By Dr Barak Kushner
Published by Brill / Global Oriental
Japan’s noodle dishes have come to represent “Japan” in the world market over the last half-century. For noodle eaters globally, the word ramen often evokes Japan, even though some foreigners and many Japanese believe that ramen has long historical roots in China and was mysteriously transformed in Japan. We need to look at food history, particularly the development of ramen, to understand contemporary Japan and its transformation into a food-obsessed nation, far different from what its cultural origins suggest. By charting the development of ramen we can see how the Japanese acquired, adopted and invented new tastes and dishes – in contrast to what is usually touted as Japanese traditional cuisine. The long evolution of ramen helps us enter the even longer and fascinating history of cuisine in Japan, charting how food and politics combined as a force within Sino-Japan relations. Cuisine in East Asia plays a significant political role, at times also philosophical, economic, and social. The main point is that ramen is a symbol of the relationship between the two major forces in East Asia – what started as a Chinese food product ended up almost 1,000 years later as the emblem of modern Japanese cuisine. How did that happen and what does it signify?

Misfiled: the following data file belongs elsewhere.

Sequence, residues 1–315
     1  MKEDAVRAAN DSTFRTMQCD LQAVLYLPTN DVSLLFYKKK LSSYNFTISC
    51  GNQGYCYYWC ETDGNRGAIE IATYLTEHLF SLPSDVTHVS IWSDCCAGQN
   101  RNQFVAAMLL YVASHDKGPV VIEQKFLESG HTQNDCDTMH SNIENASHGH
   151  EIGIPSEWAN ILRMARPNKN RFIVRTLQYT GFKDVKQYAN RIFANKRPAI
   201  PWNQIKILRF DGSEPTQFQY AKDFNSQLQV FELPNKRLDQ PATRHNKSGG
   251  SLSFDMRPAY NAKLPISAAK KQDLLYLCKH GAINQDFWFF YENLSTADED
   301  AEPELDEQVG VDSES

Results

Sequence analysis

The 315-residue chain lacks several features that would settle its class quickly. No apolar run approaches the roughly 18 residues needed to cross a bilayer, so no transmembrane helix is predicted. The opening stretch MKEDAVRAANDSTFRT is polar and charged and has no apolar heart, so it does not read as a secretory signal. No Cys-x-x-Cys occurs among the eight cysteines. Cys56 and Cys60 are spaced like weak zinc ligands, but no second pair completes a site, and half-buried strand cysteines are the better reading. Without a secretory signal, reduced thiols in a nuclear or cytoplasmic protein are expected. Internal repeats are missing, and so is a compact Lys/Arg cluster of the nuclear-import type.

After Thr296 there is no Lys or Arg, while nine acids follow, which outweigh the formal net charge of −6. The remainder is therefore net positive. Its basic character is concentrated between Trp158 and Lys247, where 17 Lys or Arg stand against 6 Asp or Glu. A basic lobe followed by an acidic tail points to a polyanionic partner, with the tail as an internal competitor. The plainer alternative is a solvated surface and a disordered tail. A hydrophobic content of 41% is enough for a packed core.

After the talk bowls of fresh ramen noodle soup from Tonkotsu Restaurant were served. Japanese shochu (Japanese alcohol) from the Akashi brewing company was on offer as a delicious complement to the noodles, a traditional treat from Western Japan.
* The book will be available on the day at the special price of 32.50 euro (50% off the cover price). The exchange rate on the day of the launch will be used. Sterling and credit cards will be accepted.
This event is supported by the following contributors.
About the contributors
Dr Barak Kushner
Dr Barak Kushner teaches Japanese history at the University of Cambridge and has a PhD in History from Princeton University. He was recently awarded a 2012 British Academy Mid-Career Fellowship which he will use to complete his third book tentatively entitled, Men to Devils and Devils to Men: Japanese War Crimes and Cold War Sino-Japan Relations (1945-1965). In 2008 he was an Abe Fellow and conducted research concerning “Cold War Propaganda in East Asia and Historical Memory” in China, Japan and the US. Previously, Kushner worked in the US Department of State as a political officer in East Asian affairs and taught Chinese and Japanese history at Davidson College in the US. As a scholar he has written on wartime Japanese and Chinese propaganda, Japanese media, Sino-Japanese relations, Asian comedy, food history, Japanese war crimes, and the Cold War. The Thought War, his first book, delved into the history of imperial Japanese propaganda.